November 23, 2017
Politics & Opinion
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Frederick Douglass And Roger B. Taney

Steve Schuh
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February 8, 2017
Over the last several years, much debate has surrounded the Roger B. Taney statue on the grounds of the Maryland State House in Annapolis.
 
Roger B. Taney, a native Marylander, served as a state delegate, state senator, United States Secretary of the Treasury, attorney general of the United States, and Chief Justice of the Supreme Court, where he served for nearly three decades with distinction. However, he is most remembered for delivering the majority 7-2 opinion in Dred Scott v. Sandford. In that case, the Supreme Court ruled, among other things, that African-Americans, having been considered inferior at the time the Constitution was drafted, could not be considered citizens of the United States. The decision helped further divide our nation as it teetered on the brink of Civil War.
 
Opponents of the Taney statue argue it is a monument to racism and should be removed so as to not glorify the institution of slavery. Supporters argue that removing the statue would ignore Taney’s undeniable impact on our nation’s history. Without Dred Scott, there may never have been a Lincoln’s “House Divided” speech, and Emancipation Proclamation, or 14th and 15th amendments. Slavery might have dragged on for decades. History moves in strange ways.
I believe we must remember our nation’s history so that we may learn from it. However, we also must allow monuments like these to demonstrate the complete historical perspective. History did not end with Justice Taney’s reprehensible decision. In fact, the Dred Scott decision helped ignite outrage around the country, fueling the rise of Abraham Lincoln and other anti-slavery voices, especially that of Frederick Douglass. While we cannot ignore Taney’s impact, we must counter it with the powerful force of change his actions helped create.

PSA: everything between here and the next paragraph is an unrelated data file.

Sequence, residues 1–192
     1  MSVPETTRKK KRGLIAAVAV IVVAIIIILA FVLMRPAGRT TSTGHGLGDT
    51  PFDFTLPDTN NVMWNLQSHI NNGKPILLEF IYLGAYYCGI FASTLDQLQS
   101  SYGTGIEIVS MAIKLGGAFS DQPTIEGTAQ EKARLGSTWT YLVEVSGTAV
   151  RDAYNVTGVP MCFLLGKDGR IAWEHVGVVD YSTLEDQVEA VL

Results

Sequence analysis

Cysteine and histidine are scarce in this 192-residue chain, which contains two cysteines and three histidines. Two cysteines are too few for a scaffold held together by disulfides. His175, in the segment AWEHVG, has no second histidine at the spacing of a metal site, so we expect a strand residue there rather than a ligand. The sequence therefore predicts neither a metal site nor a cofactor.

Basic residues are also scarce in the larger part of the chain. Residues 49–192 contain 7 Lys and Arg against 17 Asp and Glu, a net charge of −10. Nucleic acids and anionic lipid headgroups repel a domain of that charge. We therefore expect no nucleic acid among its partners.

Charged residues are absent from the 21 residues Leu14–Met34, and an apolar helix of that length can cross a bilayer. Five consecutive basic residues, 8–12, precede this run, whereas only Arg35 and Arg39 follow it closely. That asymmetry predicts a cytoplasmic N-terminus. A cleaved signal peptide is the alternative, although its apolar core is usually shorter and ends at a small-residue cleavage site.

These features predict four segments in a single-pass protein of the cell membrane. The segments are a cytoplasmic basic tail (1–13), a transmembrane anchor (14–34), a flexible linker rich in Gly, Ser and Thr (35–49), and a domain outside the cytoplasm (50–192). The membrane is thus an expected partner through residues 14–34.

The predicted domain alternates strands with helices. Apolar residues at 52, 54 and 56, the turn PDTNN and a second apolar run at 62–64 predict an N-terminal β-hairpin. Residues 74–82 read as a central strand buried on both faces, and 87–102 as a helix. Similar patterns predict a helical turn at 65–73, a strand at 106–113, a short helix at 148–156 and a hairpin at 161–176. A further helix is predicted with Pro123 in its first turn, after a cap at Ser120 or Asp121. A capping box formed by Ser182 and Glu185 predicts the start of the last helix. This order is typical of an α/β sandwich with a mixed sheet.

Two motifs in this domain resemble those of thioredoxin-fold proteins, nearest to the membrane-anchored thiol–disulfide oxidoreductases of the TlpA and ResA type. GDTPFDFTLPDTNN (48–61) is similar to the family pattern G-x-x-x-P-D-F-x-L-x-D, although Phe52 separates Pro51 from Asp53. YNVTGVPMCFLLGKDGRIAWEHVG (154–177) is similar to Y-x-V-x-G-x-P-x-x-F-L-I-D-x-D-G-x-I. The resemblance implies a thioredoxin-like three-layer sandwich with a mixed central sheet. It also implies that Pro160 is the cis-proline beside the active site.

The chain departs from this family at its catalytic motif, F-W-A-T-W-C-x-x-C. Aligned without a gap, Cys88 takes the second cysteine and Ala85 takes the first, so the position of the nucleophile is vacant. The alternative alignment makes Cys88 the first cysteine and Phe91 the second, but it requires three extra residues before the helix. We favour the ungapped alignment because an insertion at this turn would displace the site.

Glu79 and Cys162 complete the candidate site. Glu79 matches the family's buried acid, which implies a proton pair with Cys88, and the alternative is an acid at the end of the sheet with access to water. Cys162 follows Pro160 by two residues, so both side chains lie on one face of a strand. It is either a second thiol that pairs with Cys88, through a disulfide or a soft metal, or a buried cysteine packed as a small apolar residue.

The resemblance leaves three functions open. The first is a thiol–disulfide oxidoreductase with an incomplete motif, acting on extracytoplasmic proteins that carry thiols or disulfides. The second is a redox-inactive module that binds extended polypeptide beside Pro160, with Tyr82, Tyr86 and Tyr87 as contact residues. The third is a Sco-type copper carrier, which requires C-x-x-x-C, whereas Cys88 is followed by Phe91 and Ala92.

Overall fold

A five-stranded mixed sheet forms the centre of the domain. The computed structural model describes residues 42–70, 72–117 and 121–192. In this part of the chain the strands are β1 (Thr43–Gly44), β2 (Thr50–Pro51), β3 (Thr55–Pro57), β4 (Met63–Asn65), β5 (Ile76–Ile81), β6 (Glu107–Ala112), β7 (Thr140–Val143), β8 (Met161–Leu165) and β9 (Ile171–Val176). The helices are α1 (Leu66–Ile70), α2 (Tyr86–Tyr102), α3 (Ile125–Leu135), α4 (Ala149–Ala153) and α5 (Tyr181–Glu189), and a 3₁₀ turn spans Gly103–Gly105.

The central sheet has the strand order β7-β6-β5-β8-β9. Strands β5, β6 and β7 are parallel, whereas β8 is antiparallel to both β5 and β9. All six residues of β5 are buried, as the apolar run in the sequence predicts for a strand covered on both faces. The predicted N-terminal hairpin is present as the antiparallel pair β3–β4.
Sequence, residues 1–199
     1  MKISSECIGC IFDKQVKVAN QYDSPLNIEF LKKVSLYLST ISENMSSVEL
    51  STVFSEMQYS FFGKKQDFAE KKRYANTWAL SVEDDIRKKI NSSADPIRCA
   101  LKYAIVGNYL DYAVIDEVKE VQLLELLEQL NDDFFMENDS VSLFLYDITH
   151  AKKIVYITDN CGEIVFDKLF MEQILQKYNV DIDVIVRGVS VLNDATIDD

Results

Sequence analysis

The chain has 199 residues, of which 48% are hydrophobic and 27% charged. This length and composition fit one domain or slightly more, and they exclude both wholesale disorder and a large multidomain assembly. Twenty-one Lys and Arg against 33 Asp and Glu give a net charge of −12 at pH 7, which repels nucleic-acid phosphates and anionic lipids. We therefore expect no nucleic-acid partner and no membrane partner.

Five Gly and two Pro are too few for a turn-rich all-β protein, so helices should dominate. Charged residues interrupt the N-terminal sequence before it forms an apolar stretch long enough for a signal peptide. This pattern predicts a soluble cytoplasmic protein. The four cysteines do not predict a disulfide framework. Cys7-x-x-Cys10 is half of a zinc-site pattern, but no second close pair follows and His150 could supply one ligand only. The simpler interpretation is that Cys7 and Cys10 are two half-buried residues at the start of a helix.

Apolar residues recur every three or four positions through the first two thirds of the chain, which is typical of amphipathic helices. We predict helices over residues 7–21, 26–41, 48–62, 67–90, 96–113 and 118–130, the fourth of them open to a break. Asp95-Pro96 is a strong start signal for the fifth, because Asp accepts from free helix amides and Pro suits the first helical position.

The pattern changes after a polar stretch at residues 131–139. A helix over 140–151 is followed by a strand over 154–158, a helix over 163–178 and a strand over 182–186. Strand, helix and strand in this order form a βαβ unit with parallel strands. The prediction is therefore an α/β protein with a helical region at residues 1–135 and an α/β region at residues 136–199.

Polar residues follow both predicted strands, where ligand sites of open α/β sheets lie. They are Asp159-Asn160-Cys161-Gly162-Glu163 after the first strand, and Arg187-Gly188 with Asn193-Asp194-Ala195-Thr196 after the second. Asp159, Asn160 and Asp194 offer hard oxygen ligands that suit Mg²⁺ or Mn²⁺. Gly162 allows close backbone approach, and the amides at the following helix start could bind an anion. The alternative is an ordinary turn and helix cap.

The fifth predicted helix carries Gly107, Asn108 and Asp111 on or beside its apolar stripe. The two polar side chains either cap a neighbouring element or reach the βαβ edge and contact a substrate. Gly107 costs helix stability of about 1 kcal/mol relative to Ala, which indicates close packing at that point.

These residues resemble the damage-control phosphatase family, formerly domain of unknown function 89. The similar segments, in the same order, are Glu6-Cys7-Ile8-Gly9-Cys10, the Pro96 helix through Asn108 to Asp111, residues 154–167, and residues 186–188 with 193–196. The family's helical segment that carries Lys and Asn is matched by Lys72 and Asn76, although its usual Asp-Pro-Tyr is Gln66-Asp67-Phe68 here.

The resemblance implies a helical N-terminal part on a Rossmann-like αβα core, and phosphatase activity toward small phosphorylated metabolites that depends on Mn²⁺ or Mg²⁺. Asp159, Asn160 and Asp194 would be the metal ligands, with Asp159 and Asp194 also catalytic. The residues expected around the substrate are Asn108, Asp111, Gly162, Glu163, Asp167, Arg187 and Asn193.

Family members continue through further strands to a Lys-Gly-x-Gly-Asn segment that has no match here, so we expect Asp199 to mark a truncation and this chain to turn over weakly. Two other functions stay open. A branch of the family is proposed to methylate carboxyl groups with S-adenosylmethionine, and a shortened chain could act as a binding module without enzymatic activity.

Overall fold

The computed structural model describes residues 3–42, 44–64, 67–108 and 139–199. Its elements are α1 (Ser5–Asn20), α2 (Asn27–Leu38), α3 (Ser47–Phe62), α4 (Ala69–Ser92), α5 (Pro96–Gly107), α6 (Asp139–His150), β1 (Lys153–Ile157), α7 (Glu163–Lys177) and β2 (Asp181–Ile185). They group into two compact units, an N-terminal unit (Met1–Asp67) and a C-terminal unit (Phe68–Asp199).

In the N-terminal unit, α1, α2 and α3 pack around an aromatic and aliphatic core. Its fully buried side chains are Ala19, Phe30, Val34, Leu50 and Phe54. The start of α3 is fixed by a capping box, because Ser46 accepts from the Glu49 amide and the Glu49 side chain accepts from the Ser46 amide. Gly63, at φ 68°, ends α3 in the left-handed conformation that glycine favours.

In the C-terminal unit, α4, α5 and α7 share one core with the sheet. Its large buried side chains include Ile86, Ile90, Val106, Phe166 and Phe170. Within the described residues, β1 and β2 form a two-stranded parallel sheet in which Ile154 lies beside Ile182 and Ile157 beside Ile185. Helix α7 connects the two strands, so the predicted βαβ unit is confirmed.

That is why I support the Frederick Douglass and Roger B. Taney Monument proposal that has been proffered by The Friends of Frederick Douglass and Roger B. Taney. The proposal would relocate the Roger B. Taney statue to face a new standing statue of Frederick Douglass, who was also a native Marylander. Both statues would be on an educational terrace that explains their respective views of the U.S. Constitution and the nature of racism before and after the Civil War. The educational terrace and two statues would create an open area for people to stand between the two statues, as they stare at each other, eyeball to eyeball.
 
I believe this would both recognize the enormous impact Justice Taney had on the course of our nation’s history, while at the same time honoring the legacy of our state’s most important African-American leader with historical ties to Anne Arundel County. The addition of a statue of Fredrick Douglass to our state capital grounds would serve as a powerful monument to one of our nation’s most important African-American political leaders.
 
I can think of no more of fitting tribute to Black History Month than having our state erect a statue of one of our nation’s most influential civil rights leaders. I urge the General Assembly and the Maryland Historical Trust to consider this proposal during the upcoming legislative session.

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